Once again, the 3rd quarter results affirm why the country cannot and should not rely on external sources of growth.
The reported 6.5% growth in gross domestic product (GDP) in the 3rd quarter of 2010 is welcome for still being ositive but is nonetheless worrying for being the sharpest turnaround in quarterly growth since the Asian crisis over a decade ago. Research group IBON also said the growth is disturbing for being accompanied by a marked deterioration in the quality of work available, aside from grossly insufficient job creation.
The 6.5% 3rd quarter GDP growth is measured year-on-year and is a 1.7 percentage point drop from the revised 8.2% 2nd quarter figure. This is the biggest recorded drop between the 3rd and 2nd quarters in the past decade-and-a-half since the Asian crisis in 1997 where the closest falls were seen in 2004 and 2007 (1.5 percentage point drop), and 1997 and 2002 (1.3 percentage points).
Consecutive quarterly growth rates that are measured year-on-year are not strictly comparable but the conclusion is affirmed by looking at seasonally adjusted quarterly growth rates which are computed to allow comparison between consecutive quarters. Seasonally adjusted GDP contracted by 0.5% in the 3rd quarter which is a drastic 1.9 percentage point drop from the 1.4% growth in the 2nd quarter of the year. This is the worst 3rd quarter turnaround since 1997 when there was a 3.0 percentage point drop from 2.7% growth in the 2nd quarter to a 0.3% contraction in the 3rd quarter.
From a purely growth perspective, this drastic turnaround could be ominous if they indicate that the presumed drivers of growth in the economy are failing to deliver. The manufacturing subsector was the biggest contributor to growth, expanding 9.3% and contributing 6.3 percentage points to the final GDP figure. Yet this 9.3% growth continues a slowdown from 12.7% in the 2nd quarter and 20.4% in the 1st quarter – possibly showing the effects of the winding-down of stimulus programs especially in the US and Europe, both major export markets for manufactured products.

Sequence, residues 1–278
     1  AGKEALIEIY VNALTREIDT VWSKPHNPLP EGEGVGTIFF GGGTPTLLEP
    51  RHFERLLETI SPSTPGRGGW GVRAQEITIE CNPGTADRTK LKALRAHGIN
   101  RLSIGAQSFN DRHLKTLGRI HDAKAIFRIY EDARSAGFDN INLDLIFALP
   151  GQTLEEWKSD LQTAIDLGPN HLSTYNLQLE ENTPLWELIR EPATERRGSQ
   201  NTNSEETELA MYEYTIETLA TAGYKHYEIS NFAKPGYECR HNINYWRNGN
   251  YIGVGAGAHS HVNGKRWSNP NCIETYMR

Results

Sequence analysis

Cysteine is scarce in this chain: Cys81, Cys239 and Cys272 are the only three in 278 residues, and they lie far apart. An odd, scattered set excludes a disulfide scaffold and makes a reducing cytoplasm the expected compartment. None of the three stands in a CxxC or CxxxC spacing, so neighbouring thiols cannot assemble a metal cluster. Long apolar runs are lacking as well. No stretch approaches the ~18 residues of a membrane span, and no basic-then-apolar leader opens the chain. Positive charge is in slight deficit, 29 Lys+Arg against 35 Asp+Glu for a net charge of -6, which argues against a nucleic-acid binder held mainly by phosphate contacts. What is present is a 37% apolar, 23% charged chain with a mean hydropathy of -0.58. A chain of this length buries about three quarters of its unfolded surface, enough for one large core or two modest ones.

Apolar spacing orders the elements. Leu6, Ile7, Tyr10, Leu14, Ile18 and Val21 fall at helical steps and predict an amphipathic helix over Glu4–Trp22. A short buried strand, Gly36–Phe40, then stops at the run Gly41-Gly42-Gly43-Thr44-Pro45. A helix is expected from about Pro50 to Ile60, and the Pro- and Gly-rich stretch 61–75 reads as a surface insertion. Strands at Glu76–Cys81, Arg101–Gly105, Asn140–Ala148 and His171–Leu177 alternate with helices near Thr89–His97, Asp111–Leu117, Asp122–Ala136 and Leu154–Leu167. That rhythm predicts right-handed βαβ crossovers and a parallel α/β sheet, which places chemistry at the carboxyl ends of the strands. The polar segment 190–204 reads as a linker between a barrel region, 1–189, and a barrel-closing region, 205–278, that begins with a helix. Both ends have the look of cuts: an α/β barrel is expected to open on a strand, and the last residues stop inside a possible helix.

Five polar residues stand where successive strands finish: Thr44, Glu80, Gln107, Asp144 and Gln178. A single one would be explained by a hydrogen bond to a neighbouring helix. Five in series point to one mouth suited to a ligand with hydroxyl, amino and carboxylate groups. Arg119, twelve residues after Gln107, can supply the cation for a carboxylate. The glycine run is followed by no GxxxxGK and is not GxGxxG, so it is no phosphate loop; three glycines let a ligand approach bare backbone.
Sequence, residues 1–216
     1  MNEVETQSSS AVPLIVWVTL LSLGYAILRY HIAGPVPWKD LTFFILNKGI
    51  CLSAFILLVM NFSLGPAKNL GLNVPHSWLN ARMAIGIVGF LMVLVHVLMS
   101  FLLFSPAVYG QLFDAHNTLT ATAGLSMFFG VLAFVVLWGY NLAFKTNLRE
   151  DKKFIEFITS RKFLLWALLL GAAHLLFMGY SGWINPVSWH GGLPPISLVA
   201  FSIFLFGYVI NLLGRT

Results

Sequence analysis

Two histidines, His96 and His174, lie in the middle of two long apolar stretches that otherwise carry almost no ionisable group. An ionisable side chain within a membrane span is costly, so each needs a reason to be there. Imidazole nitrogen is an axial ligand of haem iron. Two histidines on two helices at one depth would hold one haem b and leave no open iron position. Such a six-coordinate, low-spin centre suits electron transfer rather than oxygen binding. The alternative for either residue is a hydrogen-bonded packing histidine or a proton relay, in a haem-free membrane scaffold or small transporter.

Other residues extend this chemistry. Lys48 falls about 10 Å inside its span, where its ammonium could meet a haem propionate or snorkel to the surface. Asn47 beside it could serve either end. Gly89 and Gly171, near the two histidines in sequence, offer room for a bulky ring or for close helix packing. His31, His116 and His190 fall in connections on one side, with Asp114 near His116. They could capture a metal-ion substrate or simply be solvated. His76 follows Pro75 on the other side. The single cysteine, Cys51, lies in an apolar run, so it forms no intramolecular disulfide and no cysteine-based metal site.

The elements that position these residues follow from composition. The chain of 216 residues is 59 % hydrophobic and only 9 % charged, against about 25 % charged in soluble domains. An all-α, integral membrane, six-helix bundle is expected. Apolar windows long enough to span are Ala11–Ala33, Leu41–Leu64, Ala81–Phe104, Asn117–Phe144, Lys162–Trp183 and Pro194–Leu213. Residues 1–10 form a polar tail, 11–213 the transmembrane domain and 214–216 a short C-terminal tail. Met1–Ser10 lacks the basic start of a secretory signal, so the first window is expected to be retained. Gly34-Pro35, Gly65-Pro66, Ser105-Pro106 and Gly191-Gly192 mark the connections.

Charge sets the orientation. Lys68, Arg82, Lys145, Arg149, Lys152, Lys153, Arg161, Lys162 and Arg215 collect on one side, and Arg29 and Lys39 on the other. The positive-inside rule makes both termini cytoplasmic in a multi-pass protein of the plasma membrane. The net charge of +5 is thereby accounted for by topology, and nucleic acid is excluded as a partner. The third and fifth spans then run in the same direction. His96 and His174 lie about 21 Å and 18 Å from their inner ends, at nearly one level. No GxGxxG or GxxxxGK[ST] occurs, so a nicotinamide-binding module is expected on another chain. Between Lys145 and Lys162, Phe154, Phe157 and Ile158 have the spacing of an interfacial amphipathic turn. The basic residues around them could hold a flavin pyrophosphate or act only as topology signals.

Once again, the 3rd quarter results affirm why the country cannot and should not rely on external sources of growth. Earnings of overseas Filipinos and from business process outsourcing (BPO) service exports are slowing in the first three quarters of 2010. Net factor income from abroad, mostly consisting of overseas Filipino incomes, only grew 10.3% compared to 31.6% growth in the same period last year. Business services growth, which includes BPOs, meanwhile slowed to 9.4% from 11.8% last year.
The employment situation however remains very poor and underscore how growth in the economy continues to be exclusionary. In July 2010, the labor force grew year-on-year by only 563,000 (1.5% growth) which is markedly less than the 1.09 million increase (2.9%) in the same period in 2009. Taken in the context of record-high unemployment rates for a decade now, this could indicate that more people have simply stopped looking for work that is not there to be found.
Some 777,000 jobs were reported created in July 2010 from the year before. Yet 377,000 of these were in the agriculture sector which saw a deep 2.5% contraction in the third quarter of 2010, which implies a drastic drop in average earnings in a sector already marked by widespread poverty. In contrast, the high-growth manufacturing sector created just 47,800 additional jobs.
The disjointedness of growth and decent jobs is also highlighted by the very poor quality of work generated. In July 2010, the number of own-account and unpaid family workers – or those in insecure, low-paying and even hazardous work – drastically increased by 1.12 million. There are now 12.6 million own-account workers and 4.3 million unpaid family workers. On the other hand, the number of wage and salary workers fell by 330,000. It appears that much of this is accounted for by the large drop in domestic household help whose numbers fell by 281,000, perhaps even indicating how households are increasingly unable to afford this.
The growth has also created mainly part-time jobs or work of less than 40 hours per week – accounting for 571,000 or three out of four (73%) of new jobs created in July 2010. While it was reported that underemployment has fallen, this is likely driven more by workers discouraged from finding additional work than reflective of the existing quality of work. (end)